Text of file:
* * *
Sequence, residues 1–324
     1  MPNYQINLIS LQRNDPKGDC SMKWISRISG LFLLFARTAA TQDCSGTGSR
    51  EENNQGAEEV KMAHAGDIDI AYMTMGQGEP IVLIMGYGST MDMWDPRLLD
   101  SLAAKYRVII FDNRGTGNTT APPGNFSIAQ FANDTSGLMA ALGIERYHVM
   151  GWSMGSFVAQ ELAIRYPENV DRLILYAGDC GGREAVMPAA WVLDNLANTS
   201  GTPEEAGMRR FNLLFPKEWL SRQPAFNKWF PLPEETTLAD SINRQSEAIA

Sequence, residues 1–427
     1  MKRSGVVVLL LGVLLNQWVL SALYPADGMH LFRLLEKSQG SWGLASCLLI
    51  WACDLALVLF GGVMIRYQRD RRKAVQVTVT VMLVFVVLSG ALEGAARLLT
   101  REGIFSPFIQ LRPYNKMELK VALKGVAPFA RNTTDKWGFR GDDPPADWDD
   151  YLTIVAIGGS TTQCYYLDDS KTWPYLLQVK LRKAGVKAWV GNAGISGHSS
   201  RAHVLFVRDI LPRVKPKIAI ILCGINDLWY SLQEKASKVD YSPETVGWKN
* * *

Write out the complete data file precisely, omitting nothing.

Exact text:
Sequence, residues 1–324
     1  MPNYQINLIS LQRNDPKGDC SMKWISRISG LFLLFARTAA TQDCSGTGSR
    51  EENNQGAEEV KMAHAGDIDI AYMTMGQGEP IVLIMGYGST MDMWDPRLLD
   101  SLAAKYRVII FDNRGTGNTT APPGNFSIAQ FANDTSGLMA ALGIERYHVM
   151  GWSMGSFVAQ ELAIRYPENV DRLILYAGDC GGREAVMPAA WVLDNLANTS
   201  GTPEEAGMRR FNLLFPKEWL SRQPAFNKWF PLPEETTLAD SINRQSEAIA

Sequence, residues 1–427
     1  MKRSGVVVLL LGVLLNQWVL SALYPADGMH LFRLLEKSQG SWGLASCLLI
    51  WACDLALVLF GGVMIRYQRD RRKAVQVTVT VMLVFVVLSG ALEGAARLLT
   101  REGIFSPFIQ LRPYNKMELK VALKGVAPFA RNTTDKWGFR GDDPPADWDD
   151  YLTIVAIGGS TTQCYYLDDS KTWPYLLQVK LRKAGVKAWV GNAGISGHSS
   201  RAHVLFVRDI LPRVKPKIAI ILCGINDLWY SLQEKASKVD YSPETVGWKN